Thursday, December 31, 2009

2009, A Year in Reading: Worst Books of the Year

As if my lack of enthusiasm for even the year's best books weren't bad enough, 2009 was also a year in which, unlike 2008, I was very much not stumped for choice when the time came to choose the year's worst reads.  Looking at this list, which contains two Hugo nominees and one of the most talked-about genre books of the fall, it's hard not to draw conclusions about at least some of the reasons for my reading malaise.  A lot of my reading this year was motivated by a desire to keep with the conversation and with SF fandom in general, and that has turned out to be a mistake.  I need to listen to my instincts.  The ability to trash the Hugo nominees from an informed position is surely not worth the heartache of such a lackluster year's reading.

As usual, these books are presented in ascending order of their stinkiness.
  • Saturn's Children by Charles Stross (review)

    This was one of the three books I read in preparation for my review of the Hugo-nominated novels.  I wasn't hopeful about this endeavor, but Saturn's Children, a parody of Heinlein's Friday in which a sexbot tries to find a reason for her existence after humanity's demise, still managed to sucker-punch me.  This is an unholy mess of a book, bloated well past the point of being even vaguely recognizable as a novel by a relentless litany of information that lacks even the elegance of a common infodump and drowns out its plot and characters.  Either an unfunny comedy or an absurd and unbelievable straight-faced story, Saturn's Children squats in the uncanny valley between these two modes, making for a punishing, seemingly interminable, and utterly inert reading experience.

  • Little Brother by Cory Doctorow (review)

    I expected to dislike Little Brother on the grounds of its well-publicized didacticism, but found to my surprise that it actually holds together as a work of fiction, and that though Doctorow lacks Neal Stephenson's skill of making infodumps interesting, he has at least made the ones in Little Brother easily skippable.  No, what makes Little Brother one of the worst books I've read this year is its appalling message.  The book's premise--teenager Marcus Yallow is imprisoned and tortured by Homeland Security for the crime of being in the wrong place at the wrong time, and vows revenge--comes off like a self-satisfied, self-congratulatory fantasy of suffering in the name of a good cause, but it's Doctorow's choice to use that premise, and the very real abuses it riffs off, as the means of achieving the self-actualization of a privileged, middle class white kid that truly rankles, and it's Marcus's obvious prioritization of revenge on the people who have humiliated him over the well-being of the friend whom they still hold in custody that turns Little Brother into a morally bankrupt novel.  It is mind-boggling to me that anyone thinks this book has a valuable message for children.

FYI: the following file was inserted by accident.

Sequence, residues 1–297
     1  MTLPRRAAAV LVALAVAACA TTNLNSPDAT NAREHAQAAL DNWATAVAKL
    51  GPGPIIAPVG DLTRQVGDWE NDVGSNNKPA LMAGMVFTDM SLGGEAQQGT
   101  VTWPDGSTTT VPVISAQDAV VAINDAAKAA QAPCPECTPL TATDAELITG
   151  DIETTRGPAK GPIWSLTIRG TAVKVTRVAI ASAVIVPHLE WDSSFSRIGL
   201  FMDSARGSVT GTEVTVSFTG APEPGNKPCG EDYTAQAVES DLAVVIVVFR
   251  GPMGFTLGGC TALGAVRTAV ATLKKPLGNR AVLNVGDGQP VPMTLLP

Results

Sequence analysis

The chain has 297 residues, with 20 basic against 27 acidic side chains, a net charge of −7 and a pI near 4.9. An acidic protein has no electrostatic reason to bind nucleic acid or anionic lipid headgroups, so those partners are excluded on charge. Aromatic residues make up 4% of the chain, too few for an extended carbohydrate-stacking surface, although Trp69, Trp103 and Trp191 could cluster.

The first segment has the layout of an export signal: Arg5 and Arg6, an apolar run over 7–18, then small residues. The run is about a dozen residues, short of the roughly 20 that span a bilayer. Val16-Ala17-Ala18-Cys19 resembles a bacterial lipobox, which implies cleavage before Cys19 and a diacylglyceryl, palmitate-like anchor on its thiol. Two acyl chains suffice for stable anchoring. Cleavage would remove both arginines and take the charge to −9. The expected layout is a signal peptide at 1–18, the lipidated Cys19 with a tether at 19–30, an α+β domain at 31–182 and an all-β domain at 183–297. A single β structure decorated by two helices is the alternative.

• The Magicians by Lev Grossman (review)

    It's interesting to note that the further we go down this list, the better written the books on it become.  On a technical level, The Magicians is quite readable, and in its first half even enjoyable.  I confess that had Grossman not leveraged the book's publication into a series of statements and essays about literature and genre that made him sound like a pompous ass, I might not have named The Magicians the year's very worst book.  But it still would have ended up on this list, on the strength of its complete and total lack of strength.  The Magicians is a novel that rests on the shoulders of giants and pretends to have climbed Everest.  Whether he's mimicking C.S. Lewis in his creation of a Narnia analogue with which the book's characters become obsessed (and leaving out that series's religious component, which is essentially to render it meaningless) or writing a Harry Potter pastiche when he describes the magical school at which they live (and ignores even the flawed and partial gestures towards social realism that peppered Rowling's novels) or following in the footsteps of authors like Susanna Clarke, China Miéville, and most of all M. John Harrison when he tries to imagine the meeting of the magical and the mundane (which he parlays into an excuse for his characters to feel sorry for themselves despite the fact that they are young, beautiful, powerful and rich) Grossman seems blissfully oblivious of how far short he's falling of the works he's chosen to emulate.  That obliviousness permeates the novel itself, which is so smugly satisfied with itself for positing a meeting between Harry Potter and the drugs-and-sex college experience that it fails to notice that nothing comes of that meeting.  The novel's cowardly ending, which sells out what little gravitas it had accumulated by introducing a consolatory escape hatch from reality, is the final twist of the knife that makes The Magicians a complete waste of the reader's time and energy.